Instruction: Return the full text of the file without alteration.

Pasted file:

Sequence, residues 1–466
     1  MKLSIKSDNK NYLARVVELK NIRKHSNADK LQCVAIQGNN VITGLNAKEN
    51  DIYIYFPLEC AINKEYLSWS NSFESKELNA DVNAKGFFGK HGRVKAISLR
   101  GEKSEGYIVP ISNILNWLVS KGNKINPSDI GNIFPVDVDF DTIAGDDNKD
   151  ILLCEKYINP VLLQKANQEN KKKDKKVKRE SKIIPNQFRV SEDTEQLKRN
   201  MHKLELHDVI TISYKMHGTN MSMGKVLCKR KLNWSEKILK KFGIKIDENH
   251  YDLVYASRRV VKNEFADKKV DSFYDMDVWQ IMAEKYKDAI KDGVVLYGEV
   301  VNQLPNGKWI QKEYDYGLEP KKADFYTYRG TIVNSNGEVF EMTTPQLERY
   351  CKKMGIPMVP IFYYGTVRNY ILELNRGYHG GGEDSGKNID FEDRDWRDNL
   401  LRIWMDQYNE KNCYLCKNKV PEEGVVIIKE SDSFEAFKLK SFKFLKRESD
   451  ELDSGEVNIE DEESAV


Sequence, residues 1–466
     1  MKLSIKSDNK NYLARVVELK NIRKHSNADK LQCVAIQGNN VITGLNAKEN
    51  DIYIYFPLEC AINKEYLSWS NSFESKELNA DVNAKGFFGK HGRVKAISLR
   101  GEKSEGYIVP ISNILNWLVS KGNKINPSDI GNIFPVDVDF DTIAGDDNKD
   151  ILLCEKYINP VLLQKANQEN KKKDKKVKRE SKIIPNQFRV SEDTEQLKRN
   201  MHKLELHDVI TISYKMHGTN MSMGKVLCKR KLNWSEKILK KFGIKIDENH
   251  YDLVYASRRV VKNEFADKKV DSFYDMDVWQ IMAEKYKDAI KDGVVLYGEV
   301  VNQLPNGKWI QKEYDYGLEP KKADFYTYRG TIVNSNGEVF EMTTPQLERY
   351  CKKMGIPMVP IFYYGTVRNY ILELNRGYHG GGEDSGKNID FEDRDWRDNL
   401  LRIWMDQYNE KNCYLCKNKV PEEGVVIIKE SDSFEAFKLK SFKFLKRESD
   451  ELDSGEVNIE DEESAV